of the ladies asked, “Does breakfast come with the boat?”

“Yes
Ma’am,” Scott replied cheerfully. “If you buy that
Crossfire, Tom will cook you all the pancakes you want. We’ve even
got blueberry syrup and real butter.” White lies don’t count, I
reminded myself.

Tom
returned in a very calm panic. I turned my back to the ladies and
listened to him. “I tried to pick the stove up and throw it
away from the front of the truck, but it scorched my fingers and I
screwed up the toss. It rolled under the truck.”

“This
truck?” I asked.

“It’s
under the engine block,” he answered. “I tried to reach it
but I couldn’t.”

I
shook my head. Exploding gas tanks. Scott said, “You know,
that boat is still under warranty. Dagger boats have three year
pro-rated warranties against any kind of hull damage.” The
ladies smiled. Right, I thought. How are you going to convince
Dagger that this melted and charred chunk of plastic used to be a
Crossfire?

Well,
I thought, time to put some of that rookie school training to the
test. Tom and I left our prospective customers in Scott’s capable
hands and returned to the scene of the trouble. I grabbed a long
stick from the grass and used one end to fish the stove from under
the truck. A pinhole opened in the fuel line, and the leak spewed
fire for about a foot. Tom and I looked at each other and shrugged.
I used the stick like a one-wood to drive the stove as far away as I
could… about three feet. Some of the plastic on the stopper valve
was bubbling crazily, and the whole thing had melted into a strange
twisted J.

The
pinhole in the fuel line opened even wider, and Tom and I went back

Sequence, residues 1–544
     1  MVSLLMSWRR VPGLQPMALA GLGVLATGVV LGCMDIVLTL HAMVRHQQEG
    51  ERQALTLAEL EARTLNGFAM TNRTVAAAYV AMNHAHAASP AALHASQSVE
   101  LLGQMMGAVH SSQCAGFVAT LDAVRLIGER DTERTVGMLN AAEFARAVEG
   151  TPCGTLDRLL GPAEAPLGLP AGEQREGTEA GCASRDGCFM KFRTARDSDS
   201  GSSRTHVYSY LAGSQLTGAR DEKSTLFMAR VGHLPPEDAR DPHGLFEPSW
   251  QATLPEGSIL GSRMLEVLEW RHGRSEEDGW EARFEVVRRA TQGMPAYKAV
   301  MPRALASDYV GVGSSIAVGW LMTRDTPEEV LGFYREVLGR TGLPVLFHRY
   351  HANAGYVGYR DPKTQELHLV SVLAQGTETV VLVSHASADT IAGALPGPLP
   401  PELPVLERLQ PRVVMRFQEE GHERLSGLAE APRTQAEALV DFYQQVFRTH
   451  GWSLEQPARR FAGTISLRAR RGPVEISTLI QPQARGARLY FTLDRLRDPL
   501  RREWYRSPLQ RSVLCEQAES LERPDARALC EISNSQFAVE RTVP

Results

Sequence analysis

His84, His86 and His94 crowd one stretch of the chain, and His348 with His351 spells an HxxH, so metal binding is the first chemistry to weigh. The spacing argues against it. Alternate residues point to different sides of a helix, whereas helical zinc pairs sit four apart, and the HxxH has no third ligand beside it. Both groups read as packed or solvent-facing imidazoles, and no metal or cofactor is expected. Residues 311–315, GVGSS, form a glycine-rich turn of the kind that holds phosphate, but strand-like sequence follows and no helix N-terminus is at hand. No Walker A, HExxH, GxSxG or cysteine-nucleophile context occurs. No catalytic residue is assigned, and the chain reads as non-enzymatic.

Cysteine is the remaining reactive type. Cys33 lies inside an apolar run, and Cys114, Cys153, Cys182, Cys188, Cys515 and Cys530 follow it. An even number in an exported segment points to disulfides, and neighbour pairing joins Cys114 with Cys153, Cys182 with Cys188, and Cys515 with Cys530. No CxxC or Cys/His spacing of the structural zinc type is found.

to the tailgate to escape the jet of flame.

“Will
you take a check?” one of the ladies asked.

“I
don’t know…” Scott began skeptically.

Just
then, we heard a WHOOSH and all three of us turned in time to see a
basketball-sized ball of flame hurtle through the air away from the
truck and over the railroad tracks by which we had parked. Scott
quickly said, “Yes… yes… a check will be just fine,”
and by some miracle the women acted as if they’d missed the Biblical
pillar of fire leading away from the sale. Then a very
scared-looking fellow in dreadlocks joined our party, and Scott, Tom
and I simultaneously shot him evil looks before he could even open
his mouth.

The
ladies wrote Scott a check and picked the boat up. “We’ll pass
on the pancakes,” one of them said.

“Enjoy
the boat,” Scott called after them.

And
as soon as they were out of earshot, Dreadlocks started babbling.
“Yourstovewasonfire” he gushed, and then he collected
himself. “I used one of your plates to scoop it up and I threw
it in the pond. Then I stomped out the grass.”

The
pond? Scott, Tom and I traded baffled looks. We walked to the front
of the trucks, climbed up and over the railroad tracks, and looked
down into a scummed green pool of water. No stove to be seen… just
a tranquil green pond with a light rainbow sheen of stove fuel.

Although
it was only nine in the morning, the first beers of the day were
surprisingly smooth. Dreadlocks drank four bottles.

by
Ed Ditto


From newsgroup rec.boats.paddle via “Messing About”,
newsletter of the Western Carolina Paddlers.

Reprinted in The
Eddy Line, October, 1996